Social media used to highlight ‘side effects’ of Quebec’s Bill 10

Many are concerned that Bill 10 could risk the bilingual status of Quebec's health institutions. Global News

MONTREAL — The Quebec Community Groups Network has launched a Facebook page in protest over Bill 10, the Quebec government’s planned reform of the healthcare system.

The page warns the bill is proposing to apply “shock therapy to our health and social service system.”

It goes on to ask Health Minister Gaetan Barrette, himself a physician, to consider all “possible side effects of this course of treatment before moving boldly ahead.”

QCGN  is a not-for-profit organization linking 41 English-language community organizations across Quebec.

It was one of only three English-language organizations that presented a brief before the Commission on Health and Social Services.

WATCH: QCGN at Bill 10 hearings

In its brief, QCGN calls on the government to find a way to ensure that Quebec’s English-speaking communities continue to have some degree of control and management over the institutions that they built and have supported for generations.

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READ MOREQCGN obtains promises from minister at Bill 10 hearings

Bill 10 calls for the abolition of boards of directors of most health and social service institutions.

For example, on the island of Montreal, institutions including the Jewish General Hospital, Constance Lethbridge Rehabilitation Centre and Batshaw Youth Protection Services would all be merged into one mega centre serving the West Island.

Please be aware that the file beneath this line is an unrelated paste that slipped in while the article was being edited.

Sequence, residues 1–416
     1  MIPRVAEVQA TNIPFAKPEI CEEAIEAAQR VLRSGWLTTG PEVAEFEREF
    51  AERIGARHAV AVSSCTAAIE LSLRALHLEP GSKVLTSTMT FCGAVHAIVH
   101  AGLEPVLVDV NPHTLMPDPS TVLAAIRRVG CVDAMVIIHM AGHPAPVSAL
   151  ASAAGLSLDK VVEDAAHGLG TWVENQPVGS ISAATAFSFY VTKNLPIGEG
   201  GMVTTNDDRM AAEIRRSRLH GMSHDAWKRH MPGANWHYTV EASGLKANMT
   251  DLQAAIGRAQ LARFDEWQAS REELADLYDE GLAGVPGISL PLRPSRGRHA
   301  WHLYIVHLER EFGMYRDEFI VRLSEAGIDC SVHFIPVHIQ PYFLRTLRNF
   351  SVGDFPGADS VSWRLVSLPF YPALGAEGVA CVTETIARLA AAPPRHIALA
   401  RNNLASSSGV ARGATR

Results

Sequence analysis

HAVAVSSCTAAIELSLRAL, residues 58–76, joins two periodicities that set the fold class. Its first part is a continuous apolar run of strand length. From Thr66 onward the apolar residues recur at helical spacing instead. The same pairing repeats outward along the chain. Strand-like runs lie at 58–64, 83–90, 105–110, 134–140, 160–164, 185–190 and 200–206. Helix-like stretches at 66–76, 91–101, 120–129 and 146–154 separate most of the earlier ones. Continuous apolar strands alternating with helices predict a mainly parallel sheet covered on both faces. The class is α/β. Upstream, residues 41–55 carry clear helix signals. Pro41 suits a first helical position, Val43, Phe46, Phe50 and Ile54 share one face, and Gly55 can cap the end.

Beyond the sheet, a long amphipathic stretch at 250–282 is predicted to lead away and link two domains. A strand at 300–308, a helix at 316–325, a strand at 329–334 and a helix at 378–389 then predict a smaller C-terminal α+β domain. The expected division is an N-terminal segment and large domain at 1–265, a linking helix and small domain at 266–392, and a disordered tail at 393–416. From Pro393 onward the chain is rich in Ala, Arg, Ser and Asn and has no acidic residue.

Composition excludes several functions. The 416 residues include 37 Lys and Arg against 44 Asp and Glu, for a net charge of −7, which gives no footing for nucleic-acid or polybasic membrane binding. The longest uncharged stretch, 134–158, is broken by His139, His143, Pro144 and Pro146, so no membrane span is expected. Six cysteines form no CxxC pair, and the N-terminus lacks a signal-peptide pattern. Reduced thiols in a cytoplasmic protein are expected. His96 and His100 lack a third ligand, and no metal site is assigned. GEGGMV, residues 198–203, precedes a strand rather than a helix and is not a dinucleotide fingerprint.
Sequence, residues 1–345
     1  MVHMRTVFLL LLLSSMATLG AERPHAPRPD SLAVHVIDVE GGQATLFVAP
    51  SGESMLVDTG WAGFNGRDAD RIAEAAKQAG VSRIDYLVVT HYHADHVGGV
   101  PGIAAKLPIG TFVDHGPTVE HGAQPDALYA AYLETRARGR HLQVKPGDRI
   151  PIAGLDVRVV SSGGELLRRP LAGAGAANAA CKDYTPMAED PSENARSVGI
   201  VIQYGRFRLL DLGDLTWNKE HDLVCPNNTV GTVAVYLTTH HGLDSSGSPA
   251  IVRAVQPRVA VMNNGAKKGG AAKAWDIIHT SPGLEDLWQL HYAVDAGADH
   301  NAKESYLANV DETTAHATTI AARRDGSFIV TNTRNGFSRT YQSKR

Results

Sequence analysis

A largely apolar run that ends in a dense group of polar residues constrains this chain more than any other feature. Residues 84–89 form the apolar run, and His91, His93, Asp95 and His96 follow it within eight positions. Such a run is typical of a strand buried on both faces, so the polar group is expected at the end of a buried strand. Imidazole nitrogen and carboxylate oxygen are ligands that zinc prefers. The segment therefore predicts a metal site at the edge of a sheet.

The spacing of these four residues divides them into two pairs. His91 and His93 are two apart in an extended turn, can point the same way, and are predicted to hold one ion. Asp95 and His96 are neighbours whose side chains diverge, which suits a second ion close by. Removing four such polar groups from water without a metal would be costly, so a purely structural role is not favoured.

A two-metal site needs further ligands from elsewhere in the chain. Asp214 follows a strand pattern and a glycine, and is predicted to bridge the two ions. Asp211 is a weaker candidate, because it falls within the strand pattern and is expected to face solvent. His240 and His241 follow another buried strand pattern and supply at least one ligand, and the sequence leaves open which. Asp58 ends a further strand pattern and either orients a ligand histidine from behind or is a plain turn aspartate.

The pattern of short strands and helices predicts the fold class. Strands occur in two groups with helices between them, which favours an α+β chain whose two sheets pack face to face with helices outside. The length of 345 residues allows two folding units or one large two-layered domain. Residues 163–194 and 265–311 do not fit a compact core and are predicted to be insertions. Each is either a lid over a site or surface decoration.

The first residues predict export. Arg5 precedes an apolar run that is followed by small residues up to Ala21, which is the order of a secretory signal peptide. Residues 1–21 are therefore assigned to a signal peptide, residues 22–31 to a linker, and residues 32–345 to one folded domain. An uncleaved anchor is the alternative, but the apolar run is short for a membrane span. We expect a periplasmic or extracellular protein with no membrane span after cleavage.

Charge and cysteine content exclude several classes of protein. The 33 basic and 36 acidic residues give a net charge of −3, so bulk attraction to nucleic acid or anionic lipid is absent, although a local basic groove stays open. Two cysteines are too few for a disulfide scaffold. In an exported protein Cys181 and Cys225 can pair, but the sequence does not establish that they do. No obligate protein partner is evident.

Only the MUHC, CHUM, Ste-Justine Hospital and the Montreal Heart Institute would remain independent.

In Quebec City, Jeffery Hale Hospital will be merged with the Quebec City mega centre.

In all, some 180 health and social services institutions would be merged into 28 new integrated centres.

QCGN has also launched a petition against Bill 10, which can be found here.

According to the petition, if Bill 10 is passed as currently drafted, it will have a number of unwanted side effects:

  • Bill 10 removes from the system a key partner in delivering the best care to the most people at the best cost: the community that supports the institution.
  • The bilingual status of our institutions risks being eroded. Exemptions that allow internal communications, board meetings, signs and patient record-keeping in English along with French will be at risk.
  • Any savings to the system may well be offset by the reduction in donations from private donors, foundations and corporations, who donate and connect with individual institutions rather than with the healthcare system as a whole.

Writing in the Montreal Gazette, lawyer and community advocate Alex Patterson  expressed concern that the future boards of directors of these mega centres will be appointed by the provincial government instead of being elected by the public.

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“The strength of our institutions lies in part in the fact that the communities in which they provide services take a great interest in them.”

Patterson expressed concern that government-appointed boards would be less involved in the healthcare organization they serve.

Others agree.

Jean Robert, president of the Jeffrey Hale Foundation, told Global News that foundations may stop donating to local institutions if they don’t feel connected.

“If for some reason we say this is really no longer our hospital, yes it is in name, but it’s just not part of who we are anymore.”

“Then the Foundation starts to question whether we should be putting millions of dollars, it’s not just $150, it’s millions of dollars, invested in St. Brigid’s Home, Jeffrey Hale.”

The QCGN Facebook page contains links to many of the items written on this topic in the weeks since Bill 10 was first presented in the National Assembly.

WATCH: QCGN Director General Sylvia Martin-Laforge on Bill 10

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